Digitized trucking will enable faster transfer of goods in and out of distribution centers and to end customers. Through easy track and trace capabilities and smooth booking processes, customer experience can be improved. Measurement of key performance indicators can further help improve operations. Furthermore, blockchain can enable the complete transparency of the social and environmental footprint of purchases shared with end-users. All in all, the digitalization of trucking as an industry is a win-win scenario for all.

Questions on how digitized trucking and other technology will be changing the logistics landscape for your business? Ask an expert with the form below.

Seven Important Skills Every Supply Chain Leader Needs

The supply chain has become one of the most critical functions in an organization. Its dynamic nature and the high impact it has on the business makes it challenging to manage. Thus it is necessary for the success of the business to have a strong and well-informed leader at the helm.

However, good leadership skills and information savviness alone are not enough to handle the supply chain function and manage the team. There are other necessary capabilities apart from business know-how and general leadership skills that a supply chain leader needs to lead the function efficiently and effectively.

What are the most important skills that every supply chain leader should have?

While there are many skills a supply chain leader should have, tome impact the business more than the others. These skills are non-negotiable and a must-have. They are:

  1. Strong Analytical Skills: Supply chain is all numbers and analysis. To lead the function effectively, it is extremely essential for the leader to be comfortable with numbers, handling large amounts of data, analytics, and the various analytical models that are used for decision making. A lack of these skills or discomfort with analytics can be fatal for not only the function but the organization as well.
  1. Technology Know-How:  Since the past couple of years, supply chains have been adopting new technologies, digitalizing, and automating processes. In such a scenario, it becomes crucial for the leaders to understand and be open to adopting new and advanced technologies to manage the function. In fact, they not only need to understand, but they also need to lead the adoption of technology for their organizations.

A report by Gartner titled “Gartner Top 8 Supply Chain Technology Trends for 2020” says, “It is important for supply chain technology leaders to adopt a mindset that accepts and embraces long-term perpetual change”. Supply chain leaders should be able to identify what technology will work best for their organizations and be the champions for change. If supply chain leaders possess such a mindset, it becomes easier for them to convince the management to adopt new technologies as and when an upgrade is required and to lead the team through the change.

  1. Strategic Thinking and Operational Mindset: Supply chain is a function that involves both strategy-making and operations. To be able to make good strategies, the people leading this function need to have an understanding of business and the environment the business operates in. And, to make sure the supply chain functions smoothly, they should have knowledge of how things work on the ground.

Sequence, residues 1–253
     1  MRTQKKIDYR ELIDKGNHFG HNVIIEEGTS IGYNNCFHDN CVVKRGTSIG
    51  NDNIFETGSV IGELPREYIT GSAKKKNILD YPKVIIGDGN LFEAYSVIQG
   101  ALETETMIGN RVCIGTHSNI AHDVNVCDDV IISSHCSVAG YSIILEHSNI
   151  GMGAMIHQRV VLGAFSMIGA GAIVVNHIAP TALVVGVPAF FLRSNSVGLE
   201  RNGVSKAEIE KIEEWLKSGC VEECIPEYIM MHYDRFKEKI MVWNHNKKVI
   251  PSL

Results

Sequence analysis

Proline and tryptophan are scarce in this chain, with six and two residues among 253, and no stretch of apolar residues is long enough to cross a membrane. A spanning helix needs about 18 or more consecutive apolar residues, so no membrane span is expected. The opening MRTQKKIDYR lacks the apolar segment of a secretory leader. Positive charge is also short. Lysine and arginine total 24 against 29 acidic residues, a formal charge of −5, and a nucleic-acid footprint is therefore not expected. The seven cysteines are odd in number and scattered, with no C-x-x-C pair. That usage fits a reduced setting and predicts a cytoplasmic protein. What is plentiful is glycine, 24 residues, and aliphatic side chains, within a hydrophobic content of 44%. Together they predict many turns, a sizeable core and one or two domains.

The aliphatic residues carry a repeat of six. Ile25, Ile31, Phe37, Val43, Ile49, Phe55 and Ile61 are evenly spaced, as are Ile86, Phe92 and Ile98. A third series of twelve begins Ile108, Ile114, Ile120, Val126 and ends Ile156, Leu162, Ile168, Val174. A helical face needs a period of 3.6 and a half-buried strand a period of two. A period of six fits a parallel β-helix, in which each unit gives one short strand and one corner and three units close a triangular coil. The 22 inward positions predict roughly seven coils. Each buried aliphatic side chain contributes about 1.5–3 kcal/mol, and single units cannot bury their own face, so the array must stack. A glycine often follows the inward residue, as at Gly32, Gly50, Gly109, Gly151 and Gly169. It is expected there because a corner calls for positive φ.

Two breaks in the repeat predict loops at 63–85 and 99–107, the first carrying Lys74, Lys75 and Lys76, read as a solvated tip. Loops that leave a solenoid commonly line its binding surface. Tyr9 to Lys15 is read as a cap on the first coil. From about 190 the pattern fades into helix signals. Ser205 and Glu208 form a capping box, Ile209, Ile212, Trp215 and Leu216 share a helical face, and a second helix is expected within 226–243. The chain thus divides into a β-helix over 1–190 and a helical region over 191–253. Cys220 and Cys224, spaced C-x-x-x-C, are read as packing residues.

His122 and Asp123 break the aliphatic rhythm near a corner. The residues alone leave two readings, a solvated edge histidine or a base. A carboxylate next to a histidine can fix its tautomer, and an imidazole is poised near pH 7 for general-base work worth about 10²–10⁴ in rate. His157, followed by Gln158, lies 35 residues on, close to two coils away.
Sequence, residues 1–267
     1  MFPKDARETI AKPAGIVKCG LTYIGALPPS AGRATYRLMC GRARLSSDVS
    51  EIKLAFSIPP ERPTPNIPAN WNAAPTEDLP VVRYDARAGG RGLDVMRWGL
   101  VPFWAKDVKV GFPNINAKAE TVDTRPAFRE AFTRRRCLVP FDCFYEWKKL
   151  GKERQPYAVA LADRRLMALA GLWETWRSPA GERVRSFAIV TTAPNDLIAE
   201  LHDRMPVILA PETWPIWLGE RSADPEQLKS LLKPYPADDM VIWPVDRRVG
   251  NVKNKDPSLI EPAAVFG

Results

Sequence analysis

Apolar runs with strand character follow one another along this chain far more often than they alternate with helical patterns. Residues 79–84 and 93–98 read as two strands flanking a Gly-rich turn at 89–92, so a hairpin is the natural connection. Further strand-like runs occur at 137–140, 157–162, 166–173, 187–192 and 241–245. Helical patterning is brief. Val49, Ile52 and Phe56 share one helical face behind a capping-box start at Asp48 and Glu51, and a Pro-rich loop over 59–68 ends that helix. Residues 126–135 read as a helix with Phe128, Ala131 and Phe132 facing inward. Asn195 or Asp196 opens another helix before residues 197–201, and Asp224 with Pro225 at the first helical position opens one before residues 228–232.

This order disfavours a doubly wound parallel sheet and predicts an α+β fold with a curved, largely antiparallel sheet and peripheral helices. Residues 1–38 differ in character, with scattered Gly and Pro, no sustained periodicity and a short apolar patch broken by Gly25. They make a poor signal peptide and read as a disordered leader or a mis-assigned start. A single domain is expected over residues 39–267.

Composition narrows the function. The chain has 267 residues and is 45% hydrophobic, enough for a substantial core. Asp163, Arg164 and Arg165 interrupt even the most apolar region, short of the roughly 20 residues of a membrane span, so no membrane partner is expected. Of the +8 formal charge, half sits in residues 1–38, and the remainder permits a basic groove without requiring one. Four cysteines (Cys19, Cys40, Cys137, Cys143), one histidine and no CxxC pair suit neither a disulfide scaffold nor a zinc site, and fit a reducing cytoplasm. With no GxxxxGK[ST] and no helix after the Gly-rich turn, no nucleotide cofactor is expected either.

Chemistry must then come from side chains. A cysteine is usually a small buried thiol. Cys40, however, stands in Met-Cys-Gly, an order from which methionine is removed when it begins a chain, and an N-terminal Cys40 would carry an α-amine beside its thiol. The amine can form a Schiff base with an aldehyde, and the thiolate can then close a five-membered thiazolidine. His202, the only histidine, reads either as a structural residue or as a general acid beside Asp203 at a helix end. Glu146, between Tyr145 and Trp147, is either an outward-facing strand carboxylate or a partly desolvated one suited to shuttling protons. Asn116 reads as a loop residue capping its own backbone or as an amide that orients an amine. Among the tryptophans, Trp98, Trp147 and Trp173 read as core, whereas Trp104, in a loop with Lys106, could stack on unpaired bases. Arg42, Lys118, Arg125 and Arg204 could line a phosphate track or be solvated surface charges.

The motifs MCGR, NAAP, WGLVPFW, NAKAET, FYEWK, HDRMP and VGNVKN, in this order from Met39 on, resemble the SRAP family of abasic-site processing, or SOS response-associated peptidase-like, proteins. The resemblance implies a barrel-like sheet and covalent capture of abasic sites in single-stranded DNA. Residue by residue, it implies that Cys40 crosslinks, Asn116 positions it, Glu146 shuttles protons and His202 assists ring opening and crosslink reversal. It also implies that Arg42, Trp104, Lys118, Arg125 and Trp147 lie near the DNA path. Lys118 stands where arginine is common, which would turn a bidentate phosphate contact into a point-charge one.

In short, a supply chain leader should be able to think strategically and execute the plans operationally with equal efficiency. If either of the skills is missing, it becomes difficult for the supply chain to function smoothly and create value.

  1. Negotiation Skills: Leading a supply chain function means endless negotiations with internal stakeholders and external business partners. They need to know how to put forth their viewpoints and get a buy-in from the other parties involved. To be able to do this efficiently, they need to have a good grasp of the market dynamics, rates and pricing of services, and the latest industry trends.
  1. Quick Decision Making: Supply chain is a fast-paced function. In the supply chain, it is common to come across situations that require quick and on the spot decisions. At such times, the supply chain leader should be able to use the data and information on hand to make quick but informed decisions and follow through with them. He should also be able to train his core team to do so. A lack of this skill can lead to further disruption of operations and delays in completing the task. If this happens often, it can make the supply chain inefficient.
  1. People and Relationship Management: Today’s supply chain is usually not limited to one geography or location. They are spread across the globe. A global supply chain has many participants in the form of internal teams spread across regions, vendors, business partners, and business associates from different parts of the globe. Each team or partner has its own way of working, cultural mindset, and knowledge.

They should also know how to bridge the gap in knowledge of the function and technical understanding to make sure none of the team members feel left behind and are able to cope with the dynamic function. To do so, they need to have an understanding of different cultures, regional peculiarities, emphatic attitude, soft skills, and people management skills.

  1. Statutory and Legal Knowledge: Supply chains have to comply with a lot of taxes, duties, labor-management laws, and export-import formalities. Even a little slip up in any complying with a statutory or legal requirement can result in large fines. This is why, along with functional expertise, supply chain leaders need to have at least a basic understanding of laws and regulations of the regions they operate in. This also ensures that they can get the best solutions for such matters from their local teams.